Police in England and Wales will now be trained to recognise domestic abuse before it is reported.
A newly published ‘Authorised Professional Practice’ (APP) by professional organisation the College of Policing details how to spot patterns of abuse and gather appropriate evidence without relying on the victim. According to the College, a domestic abuse victim is assaulted an average of 35 times before they call the police.
David Tucker is the College’s lead for crime and criminal justice. He called domestic abuse a “pervasive problem across the UK involving both men and women” and said that a “culture change” was required to successfully combat the issue.
Police sometimes “cannot understand why a victim would stay in an abusive relationship”, but there are “dozens of reasons why victims feel unable to leave or support prosecution” he added. The goal of the APP is to allow police to “investigate domestic abuse proactively”.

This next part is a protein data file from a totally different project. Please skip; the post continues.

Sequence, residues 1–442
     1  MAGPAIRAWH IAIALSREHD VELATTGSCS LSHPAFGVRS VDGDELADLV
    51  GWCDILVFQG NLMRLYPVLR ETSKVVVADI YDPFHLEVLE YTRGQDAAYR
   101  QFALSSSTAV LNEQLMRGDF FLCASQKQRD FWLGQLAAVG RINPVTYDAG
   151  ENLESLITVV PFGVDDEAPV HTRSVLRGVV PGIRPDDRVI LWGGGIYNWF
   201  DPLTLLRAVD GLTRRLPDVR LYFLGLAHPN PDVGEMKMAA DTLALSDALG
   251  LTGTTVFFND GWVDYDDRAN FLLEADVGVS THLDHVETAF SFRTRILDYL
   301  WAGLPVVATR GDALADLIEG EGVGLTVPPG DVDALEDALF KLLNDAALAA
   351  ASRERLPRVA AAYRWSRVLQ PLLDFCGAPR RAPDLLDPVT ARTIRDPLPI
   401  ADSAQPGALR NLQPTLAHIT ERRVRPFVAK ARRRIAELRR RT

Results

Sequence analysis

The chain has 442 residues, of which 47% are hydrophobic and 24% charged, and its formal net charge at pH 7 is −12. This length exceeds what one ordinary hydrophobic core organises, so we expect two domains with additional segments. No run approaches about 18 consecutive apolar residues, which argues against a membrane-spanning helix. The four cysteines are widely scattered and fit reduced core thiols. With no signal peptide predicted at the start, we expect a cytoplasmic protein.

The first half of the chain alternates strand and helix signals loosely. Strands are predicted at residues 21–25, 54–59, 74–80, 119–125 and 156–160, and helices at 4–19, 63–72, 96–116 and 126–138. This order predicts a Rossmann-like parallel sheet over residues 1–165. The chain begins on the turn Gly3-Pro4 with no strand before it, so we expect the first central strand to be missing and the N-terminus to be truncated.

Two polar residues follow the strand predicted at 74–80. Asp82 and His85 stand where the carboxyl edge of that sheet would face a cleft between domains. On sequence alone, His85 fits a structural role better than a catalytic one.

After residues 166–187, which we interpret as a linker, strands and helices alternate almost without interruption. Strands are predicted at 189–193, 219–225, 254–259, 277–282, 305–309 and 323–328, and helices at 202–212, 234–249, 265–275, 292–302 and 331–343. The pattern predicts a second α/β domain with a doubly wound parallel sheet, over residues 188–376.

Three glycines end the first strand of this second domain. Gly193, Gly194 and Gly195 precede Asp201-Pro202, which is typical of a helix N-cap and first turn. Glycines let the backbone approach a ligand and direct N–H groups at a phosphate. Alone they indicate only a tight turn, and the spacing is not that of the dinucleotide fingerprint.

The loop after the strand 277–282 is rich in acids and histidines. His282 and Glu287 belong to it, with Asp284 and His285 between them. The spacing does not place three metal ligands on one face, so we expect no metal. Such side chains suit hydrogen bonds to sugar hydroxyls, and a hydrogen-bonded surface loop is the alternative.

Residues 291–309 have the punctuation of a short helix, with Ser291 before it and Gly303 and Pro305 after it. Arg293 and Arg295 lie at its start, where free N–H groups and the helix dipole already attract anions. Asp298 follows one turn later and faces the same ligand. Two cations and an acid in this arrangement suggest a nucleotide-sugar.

The new guidance includes a focus on coercive control, which is expected to become a criminal offence later this year. This focuses on non-violent behaviour which is nonetheless abusive. Examples include putting restrictions on a partner’s personal or financial freedom.
Various charities have welcomed the introduction of the APP. Women’s Aid chief executive Polly Neate said it was “vital that police officers understand coercive control”. She said this would help identify victims and not blame them for staying in abusive relationships.
Diana Barran, the chief executive of SafeLives, also voiced her support for the new guidance. She called it “a huge step forward” which “places the responsibility for stopping the abuse squarely with the perpetrator”.